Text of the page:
Did you know that there are only 425 professionally licensed gondoliers in Venice?
These card-carrying members of the Gondoliers’ Guild stand above and near the boat’s tail facing forward, balanced like tightrope walkers under the big top, and row one gentle stroke at a time.
And, why are gondolas only painted black?
Well, in the 16th century, in an effort to rein in the Venetian elite and their penchant to over decorate their individual craft, the city fathers, via a sumptuary law, decreed that only the color black would be used going forward. Aristocrats aside, the color black easily hid the dark pitch (resin) used to seal and waterproof gondolas, too.
In their heyday, between the 17th and 18th centuries, gondolas numbered nearly 10,000. Today, they’ve dwindled to about 400, all devoted entirely to tourists looking for a hired ride to carry them around postcard-perfect La Serenissima.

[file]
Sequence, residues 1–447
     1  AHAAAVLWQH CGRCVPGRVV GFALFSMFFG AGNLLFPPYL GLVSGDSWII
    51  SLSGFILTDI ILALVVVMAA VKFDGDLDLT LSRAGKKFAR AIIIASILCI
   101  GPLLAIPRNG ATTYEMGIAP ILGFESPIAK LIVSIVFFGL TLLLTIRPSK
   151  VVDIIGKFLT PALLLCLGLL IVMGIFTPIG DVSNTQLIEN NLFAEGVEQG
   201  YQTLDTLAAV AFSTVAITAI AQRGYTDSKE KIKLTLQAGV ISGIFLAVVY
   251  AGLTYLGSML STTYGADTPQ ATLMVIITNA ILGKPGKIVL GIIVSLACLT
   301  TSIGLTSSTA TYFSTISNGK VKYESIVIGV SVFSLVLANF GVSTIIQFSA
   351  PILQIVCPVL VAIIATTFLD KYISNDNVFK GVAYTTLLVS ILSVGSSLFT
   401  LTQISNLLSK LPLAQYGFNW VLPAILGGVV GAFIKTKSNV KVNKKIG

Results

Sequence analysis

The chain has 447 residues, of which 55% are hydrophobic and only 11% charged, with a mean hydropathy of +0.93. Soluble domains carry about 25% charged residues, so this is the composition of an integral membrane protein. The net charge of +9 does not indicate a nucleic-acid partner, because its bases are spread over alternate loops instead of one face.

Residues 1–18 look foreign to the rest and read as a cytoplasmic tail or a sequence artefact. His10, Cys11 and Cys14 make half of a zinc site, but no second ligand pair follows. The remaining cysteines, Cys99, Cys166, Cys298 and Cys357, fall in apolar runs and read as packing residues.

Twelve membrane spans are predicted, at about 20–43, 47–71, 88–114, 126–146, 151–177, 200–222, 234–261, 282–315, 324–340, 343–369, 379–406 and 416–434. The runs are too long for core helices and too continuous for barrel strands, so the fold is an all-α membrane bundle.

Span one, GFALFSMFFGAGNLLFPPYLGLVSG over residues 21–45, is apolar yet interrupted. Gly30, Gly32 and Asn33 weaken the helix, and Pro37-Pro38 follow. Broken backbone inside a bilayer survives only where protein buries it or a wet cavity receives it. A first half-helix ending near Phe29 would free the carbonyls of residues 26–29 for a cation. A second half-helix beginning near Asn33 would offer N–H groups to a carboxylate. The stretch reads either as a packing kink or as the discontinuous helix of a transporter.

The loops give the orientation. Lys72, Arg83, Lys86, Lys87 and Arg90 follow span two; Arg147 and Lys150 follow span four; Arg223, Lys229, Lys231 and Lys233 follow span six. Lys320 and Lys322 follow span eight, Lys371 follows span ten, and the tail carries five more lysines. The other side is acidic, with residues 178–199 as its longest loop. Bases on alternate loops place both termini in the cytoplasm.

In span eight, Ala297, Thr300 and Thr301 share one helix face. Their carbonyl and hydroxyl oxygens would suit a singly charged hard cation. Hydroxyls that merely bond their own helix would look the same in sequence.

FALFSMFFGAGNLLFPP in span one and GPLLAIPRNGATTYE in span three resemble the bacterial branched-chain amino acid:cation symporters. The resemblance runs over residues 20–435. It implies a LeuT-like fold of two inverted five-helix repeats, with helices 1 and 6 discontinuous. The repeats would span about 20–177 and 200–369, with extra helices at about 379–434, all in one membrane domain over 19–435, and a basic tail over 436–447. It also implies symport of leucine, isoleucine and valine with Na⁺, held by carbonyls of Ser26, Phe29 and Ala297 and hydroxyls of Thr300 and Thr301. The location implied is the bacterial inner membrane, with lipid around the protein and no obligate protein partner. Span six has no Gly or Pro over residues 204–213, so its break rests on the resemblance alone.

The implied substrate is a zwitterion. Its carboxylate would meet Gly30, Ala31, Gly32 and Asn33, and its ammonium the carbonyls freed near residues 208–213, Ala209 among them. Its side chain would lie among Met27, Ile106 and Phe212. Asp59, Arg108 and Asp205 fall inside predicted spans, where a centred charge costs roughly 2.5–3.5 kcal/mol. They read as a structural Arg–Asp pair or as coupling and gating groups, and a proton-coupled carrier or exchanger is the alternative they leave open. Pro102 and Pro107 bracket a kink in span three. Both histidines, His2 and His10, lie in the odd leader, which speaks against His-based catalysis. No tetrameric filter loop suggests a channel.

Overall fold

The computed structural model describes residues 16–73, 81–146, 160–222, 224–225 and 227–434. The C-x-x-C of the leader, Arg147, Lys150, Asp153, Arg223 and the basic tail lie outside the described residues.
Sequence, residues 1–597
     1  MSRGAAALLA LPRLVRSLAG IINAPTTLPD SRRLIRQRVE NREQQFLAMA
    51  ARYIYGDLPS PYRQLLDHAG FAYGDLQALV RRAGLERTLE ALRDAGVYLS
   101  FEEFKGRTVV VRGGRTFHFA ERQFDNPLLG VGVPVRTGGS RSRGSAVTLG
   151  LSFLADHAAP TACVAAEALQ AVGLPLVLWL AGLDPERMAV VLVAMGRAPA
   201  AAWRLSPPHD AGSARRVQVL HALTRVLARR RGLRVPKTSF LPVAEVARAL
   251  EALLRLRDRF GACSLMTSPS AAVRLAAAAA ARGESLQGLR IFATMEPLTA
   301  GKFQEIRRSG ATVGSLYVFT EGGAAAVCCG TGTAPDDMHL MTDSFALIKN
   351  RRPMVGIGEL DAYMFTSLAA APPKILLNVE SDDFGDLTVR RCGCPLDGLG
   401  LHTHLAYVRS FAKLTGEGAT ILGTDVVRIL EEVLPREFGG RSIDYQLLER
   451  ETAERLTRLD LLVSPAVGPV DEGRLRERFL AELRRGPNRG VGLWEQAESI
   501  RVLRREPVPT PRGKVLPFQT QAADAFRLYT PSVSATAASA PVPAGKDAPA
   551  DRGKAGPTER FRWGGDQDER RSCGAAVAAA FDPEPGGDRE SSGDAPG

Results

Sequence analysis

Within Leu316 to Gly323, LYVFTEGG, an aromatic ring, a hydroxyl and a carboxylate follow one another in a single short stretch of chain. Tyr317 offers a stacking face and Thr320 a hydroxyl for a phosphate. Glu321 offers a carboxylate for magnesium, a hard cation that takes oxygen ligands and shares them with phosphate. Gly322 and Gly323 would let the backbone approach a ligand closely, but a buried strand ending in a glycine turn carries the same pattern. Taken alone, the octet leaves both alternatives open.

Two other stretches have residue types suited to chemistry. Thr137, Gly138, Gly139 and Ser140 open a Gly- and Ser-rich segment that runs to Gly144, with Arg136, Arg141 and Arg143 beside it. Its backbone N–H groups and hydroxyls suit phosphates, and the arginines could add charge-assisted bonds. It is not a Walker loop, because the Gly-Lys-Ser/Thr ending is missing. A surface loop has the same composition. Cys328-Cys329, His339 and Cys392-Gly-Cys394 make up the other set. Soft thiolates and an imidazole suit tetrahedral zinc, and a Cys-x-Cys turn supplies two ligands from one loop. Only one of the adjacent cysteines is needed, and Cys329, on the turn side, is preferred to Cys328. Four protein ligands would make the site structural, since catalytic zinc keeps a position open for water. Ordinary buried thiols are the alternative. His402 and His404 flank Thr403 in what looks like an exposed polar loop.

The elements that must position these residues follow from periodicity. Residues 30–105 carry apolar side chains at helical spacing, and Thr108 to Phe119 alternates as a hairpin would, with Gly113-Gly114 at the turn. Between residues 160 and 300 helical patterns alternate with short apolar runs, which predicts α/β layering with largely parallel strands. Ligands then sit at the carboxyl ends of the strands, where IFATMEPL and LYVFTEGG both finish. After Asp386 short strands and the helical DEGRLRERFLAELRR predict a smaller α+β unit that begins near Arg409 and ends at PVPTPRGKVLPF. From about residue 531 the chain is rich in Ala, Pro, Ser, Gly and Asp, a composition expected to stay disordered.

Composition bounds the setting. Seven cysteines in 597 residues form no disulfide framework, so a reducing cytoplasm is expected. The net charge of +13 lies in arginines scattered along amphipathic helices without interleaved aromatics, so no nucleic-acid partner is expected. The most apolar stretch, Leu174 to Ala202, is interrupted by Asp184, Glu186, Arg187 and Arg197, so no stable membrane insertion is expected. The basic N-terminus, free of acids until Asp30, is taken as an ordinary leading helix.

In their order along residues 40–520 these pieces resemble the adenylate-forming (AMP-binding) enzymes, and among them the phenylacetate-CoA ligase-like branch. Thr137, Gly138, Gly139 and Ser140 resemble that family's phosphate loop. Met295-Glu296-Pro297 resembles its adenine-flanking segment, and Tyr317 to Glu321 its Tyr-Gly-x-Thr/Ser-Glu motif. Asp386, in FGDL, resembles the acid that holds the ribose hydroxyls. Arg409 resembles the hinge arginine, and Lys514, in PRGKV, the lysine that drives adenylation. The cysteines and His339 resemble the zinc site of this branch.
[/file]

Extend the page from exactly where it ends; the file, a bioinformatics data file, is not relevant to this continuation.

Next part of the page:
Il ferro (iron), the distinctive ornamentation at the prow of a gondola, the most forward part of the boat, serves as its front bumper protecting it from nicks and scratches and the occasional collision with other craft occupying the cramped, shared space.
The group of six prongs, or teeth, jutting out of the prow, represent the six sestiere (districts) of La Serenissima: Cannaregio, Castello, Dorsoduro, San Marco, San Polo and Santa Croce.
The lone prong, pointing in the opposite direction of the other six, represents the island of Giudecca.
The elegant curve at the top of the design represents the cap of the Doge, the leader of La Serenissima for almost 1,100 years.
And, the semicircle, between the curve at the top and the prongs below it, represents Ponte Rialto (Rialto Bridge), the oldest bridge across the Grand Canal.
La gondola. The prow and joy of Venice.